Recruiters are insanely busy people. They don’t have time to hunt through your contact info looking for your phone number. I even bold the phone number so it stands out. Your phone number is the most important information on your contact line.

Whether or not you have (or should have) a LinkedIn profile depends on your occupation and sometimes on your location. Some employers in some industries in some (smaller) towns don’t care about LinkedIn profiles. But rest assured, recruiters do, no matter the town or industry.

Recruiters will look you up on LinkedIn and here’s an important tip: it’s better not to have a LinkedIn profile at all than to have an outdated profile that doesn’t match the resumes you’re sending out.

1995 called — it wants its Objective Statement back

Time marches on. Things change. An Objective Statement has no place on today’s resume. Recruiters and hiring managers are looking for information about applicants’ suitability for the job they are applying for. No one gives a fiddler’s fart about what you want to do. They care about what you’ve done and what you can do for them. Give them a brief, fact-based Professional Profile that is relevant to the job posting.

The Professional Profile is a great place to use a couple of keywords from the job posting. ATSs don’t care how keywords are used in a resume, but humans do. Pop a few in your cover letter, a couple in your Profile, and the rest in your work descriptions.

Accomplishments beat “numbers” every time

Almost every blog out there that gives resume-writing advice says you must use numbers. It’s B.S.

If you’ve got meaningful numbers, by all means use them. If you don’t have numbers, don’t sweat it. There is far too much emphasis placed on this number thing.

Numbers matter in sales and certain other occupations where an applicant’s success is typically quantified by mere numbers. But not everyone has numbers and not every employer cares about numbers.

Big-time resume-writing expert, Kamara Toffolosays:

“As a resume writer, I’m always looking for ways to quantify the results my clients have created in their careers. But slapping a number on an accomplishment just to quantify it doesn’t suddenly make it more relevant and powerful. The use of a number needs to make sense, and often, it doesn’t. There are many situations where you can’t quantify an accomplishment, and some cases where you shouldn’t even try.“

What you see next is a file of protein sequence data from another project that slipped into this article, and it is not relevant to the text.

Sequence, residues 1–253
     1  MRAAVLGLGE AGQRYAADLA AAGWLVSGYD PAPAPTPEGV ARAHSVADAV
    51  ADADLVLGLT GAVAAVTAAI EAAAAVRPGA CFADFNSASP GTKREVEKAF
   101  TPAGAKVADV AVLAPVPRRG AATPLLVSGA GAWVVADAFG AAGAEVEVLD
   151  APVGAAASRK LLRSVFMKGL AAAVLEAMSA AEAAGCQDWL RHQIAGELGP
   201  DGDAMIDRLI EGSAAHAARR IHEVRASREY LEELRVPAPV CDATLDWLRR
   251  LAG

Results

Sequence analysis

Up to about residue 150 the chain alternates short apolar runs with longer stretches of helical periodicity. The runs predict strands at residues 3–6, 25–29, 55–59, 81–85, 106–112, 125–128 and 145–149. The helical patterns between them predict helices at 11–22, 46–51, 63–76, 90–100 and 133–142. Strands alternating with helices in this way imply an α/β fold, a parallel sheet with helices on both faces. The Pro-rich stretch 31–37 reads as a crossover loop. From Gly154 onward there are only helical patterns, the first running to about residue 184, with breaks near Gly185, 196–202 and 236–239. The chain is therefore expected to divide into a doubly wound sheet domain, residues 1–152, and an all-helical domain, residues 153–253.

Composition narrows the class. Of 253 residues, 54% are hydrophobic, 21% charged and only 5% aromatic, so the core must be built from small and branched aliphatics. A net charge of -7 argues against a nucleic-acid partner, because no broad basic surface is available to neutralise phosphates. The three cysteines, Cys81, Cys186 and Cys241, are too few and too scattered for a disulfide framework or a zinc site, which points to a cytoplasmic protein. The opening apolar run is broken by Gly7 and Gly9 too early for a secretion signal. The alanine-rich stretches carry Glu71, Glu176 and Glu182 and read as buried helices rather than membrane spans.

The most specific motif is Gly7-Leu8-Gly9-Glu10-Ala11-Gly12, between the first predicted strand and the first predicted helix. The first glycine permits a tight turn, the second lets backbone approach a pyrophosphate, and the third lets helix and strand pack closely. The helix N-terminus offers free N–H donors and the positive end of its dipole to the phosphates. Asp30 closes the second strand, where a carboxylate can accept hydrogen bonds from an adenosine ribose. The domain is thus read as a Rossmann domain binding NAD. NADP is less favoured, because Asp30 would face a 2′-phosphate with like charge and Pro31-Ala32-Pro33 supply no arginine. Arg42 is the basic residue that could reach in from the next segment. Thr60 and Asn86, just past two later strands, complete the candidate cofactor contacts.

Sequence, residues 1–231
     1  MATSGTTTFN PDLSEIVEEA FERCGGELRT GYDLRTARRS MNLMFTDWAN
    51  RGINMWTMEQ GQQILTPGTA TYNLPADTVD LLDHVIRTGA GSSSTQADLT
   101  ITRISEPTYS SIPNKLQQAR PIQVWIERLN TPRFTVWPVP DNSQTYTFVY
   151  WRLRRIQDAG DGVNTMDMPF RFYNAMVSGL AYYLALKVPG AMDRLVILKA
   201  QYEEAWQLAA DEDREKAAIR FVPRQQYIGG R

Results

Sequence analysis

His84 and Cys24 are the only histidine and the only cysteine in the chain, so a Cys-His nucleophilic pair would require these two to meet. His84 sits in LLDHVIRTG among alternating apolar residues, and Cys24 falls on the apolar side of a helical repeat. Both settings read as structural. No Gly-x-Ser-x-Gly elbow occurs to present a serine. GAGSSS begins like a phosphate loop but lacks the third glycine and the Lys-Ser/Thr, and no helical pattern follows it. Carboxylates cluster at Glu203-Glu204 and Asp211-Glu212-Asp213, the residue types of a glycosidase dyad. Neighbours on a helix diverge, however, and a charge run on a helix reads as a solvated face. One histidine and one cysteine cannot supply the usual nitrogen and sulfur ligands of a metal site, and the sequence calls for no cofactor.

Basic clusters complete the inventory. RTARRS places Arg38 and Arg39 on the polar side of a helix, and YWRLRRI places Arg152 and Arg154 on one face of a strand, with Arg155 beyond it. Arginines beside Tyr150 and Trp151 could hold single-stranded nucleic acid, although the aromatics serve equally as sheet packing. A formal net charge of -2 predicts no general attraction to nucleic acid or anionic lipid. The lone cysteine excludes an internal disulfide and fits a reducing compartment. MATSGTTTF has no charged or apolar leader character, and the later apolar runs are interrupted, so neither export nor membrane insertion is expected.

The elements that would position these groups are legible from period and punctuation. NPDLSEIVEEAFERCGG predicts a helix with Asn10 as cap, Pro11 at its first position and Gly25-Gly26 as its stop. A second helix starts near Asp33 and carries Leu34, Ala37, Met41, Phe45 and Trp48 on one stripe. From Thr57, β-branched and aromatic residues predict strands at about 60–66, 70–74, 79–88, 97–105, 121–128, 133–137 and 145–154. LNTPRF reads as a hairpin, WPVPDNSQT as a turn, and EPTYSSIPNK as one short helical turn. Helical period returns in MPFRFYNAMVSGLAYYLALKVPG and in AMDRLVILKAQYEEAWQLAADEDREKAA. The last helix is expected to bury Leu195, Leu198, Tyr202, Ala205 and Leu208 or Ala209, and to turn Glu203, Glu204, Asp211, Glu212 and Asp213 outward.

Your resume is not an art project

Getting back to the overall appearance of the modern resume versus the traditional (sensible) chronological resume, what do you think?

The modern resume may be more interesting to look at, but what does it matter? This resume format goes against everything we know about appeasing the ATS.

Therefore, human eyeballs are unlikely to ever see it. Even when resumes are not subjected to an ATS but instead go to an email address, no one is impressed with these “creative-type” resumes.

Recruiters and hiring managers simply don’t like the modern resume, particularly with its Skills “grading” metric that is completely meaningless. Dots and bars indicating an applicant’s personal claim of excellence or inter-mediocrity is utterly useless and unimpressive. It tells the hiring manager nothing.

Plain white paper containing lots of useful, meaningful, and relevant information is the way to go. Plain and simple — this is how your resume should look. No bells ‘n whistles. Your resume is not an art project.

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terri at resumepro

Terri is an expert resume-writer and a pretty good job coach. During her 30 years in the conventional work force, Terri was fired from 11 jobs, got laid off from 2 jobs, quit 3 jobs, sued 1 employer (successfully), made another cry, and wrote over 100 resumes for herself alone! Since embracing the good old “take this job and shove it” attitude, Terri decided to put all of her shitty “workin’ for the man” experiences and life-lessons to good use, and thus was born Enjoy!